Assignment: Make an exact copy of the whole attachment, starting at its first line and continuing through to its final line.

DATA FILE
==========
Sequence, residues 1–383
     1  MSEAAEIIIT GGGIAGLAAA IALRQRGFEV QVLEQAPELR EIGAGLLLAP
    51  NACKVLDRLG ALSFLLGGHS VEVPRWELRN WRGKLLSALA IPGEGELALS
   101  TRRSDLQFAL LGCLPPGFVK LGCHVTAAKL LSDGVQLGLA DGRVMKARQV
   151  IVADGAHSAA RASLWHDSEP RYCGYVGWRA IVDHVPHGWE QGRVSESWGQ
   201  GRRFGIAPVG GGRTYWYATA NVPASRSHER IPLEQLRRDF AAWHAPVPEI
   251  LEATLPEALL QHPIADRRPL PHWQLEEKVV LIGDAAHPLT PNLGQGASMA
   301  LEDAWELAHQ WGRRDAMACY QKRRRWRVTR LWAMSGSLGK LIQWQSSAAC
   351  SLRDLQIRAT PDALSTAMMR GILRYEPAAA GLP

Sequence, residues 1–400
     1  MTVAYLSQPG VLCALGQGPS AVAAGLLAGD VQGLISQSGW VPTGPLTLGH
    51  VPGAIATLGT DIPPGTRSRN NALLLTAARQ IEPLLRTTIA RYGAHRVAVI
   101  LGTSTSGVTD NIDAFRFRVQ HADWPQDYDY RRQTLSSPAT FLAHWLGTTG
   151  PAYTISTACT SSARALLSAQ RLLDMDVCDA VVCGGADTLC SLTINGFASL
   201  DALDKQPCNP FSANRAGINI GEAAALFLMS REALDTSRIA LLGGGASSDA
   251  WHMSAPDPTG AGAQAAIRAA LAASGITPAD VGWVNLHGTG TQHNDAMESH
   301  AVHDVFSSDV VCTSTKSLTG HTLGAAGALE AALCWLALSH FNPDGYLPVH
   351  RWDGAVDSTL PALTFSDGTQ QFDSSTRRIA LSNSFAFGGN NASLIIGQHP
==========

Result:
Sequence, residues 1–383
     1  MSEAAEIIIT GGGIAGLAAA IALRQRGFEV QVLEQAPELR EIGAGLLLAP
    51  NACKVLDRLG ALSFLLGGHS VEVPRWELRN WRGKLLSALA IPGEGELALS
   101  TRRSDLQFAL LGCLPPGFVK LGCHVTAAKL LSDGVQLGLA DGRVMKARQV
   151  IVADGAHSAA RASLWHDSEP RYCGYVGWRA IVDHVPHGWE QGRVSESWGQ
   201  GRRFGIAPVG GGRTYWYATA NVPASRSHER IPLEQLRRDF AAWHAPVPEI
   251  LEATLPEALL QHPIADRRPL PHWQLEEKVV LIGDAAHPLT PNLGQGASMA
   301  LEDAWELAHQ WGRRDAMACY QKRRRWRVTR LWAMSGSLGK LIQWQSSAAC
   351  SLRDLQIRAT PDALSTAMMR GILRYEPAAA GLP

Sequence, residues 1–400
     1  MTVAYLSQPG VLCALGQGPS AVAAGLLAGD VQGLISQSGW VPTGPLTLGH
    51  VPGAIATLGT DIPPGTRSRN NALLLTAARQ IEPLLRTTIA RYGAHRVAVI
   101  LGTSTSGVTD NIDAFRFRVQ HADWPQDYDY RRQTLSSPAT FLAHWLGTTG
   151  PAYTISTACT SSARALLSAQ RLLDMDVCDA VVCGGADTLC SLTINGFASL
   201  DALDKQPCNP FSANRAGINI GEAAALFLMS REALDTSRIA LLGGGASSDA
   251  WHMSAPDPTG AGAQAAIRAA LAASGITPAD VGWVNLHGTG TQHNDAMESH
   301  AVHDVFSSDV VCTSTKSLTG HTLGAAGALE AALCWLALSH FNPDGYLPVH
   351  RWDGAVDSTL PALTFSDGTQ QFDSSTRRIA LSNSFAFGGN NASLIIGQHP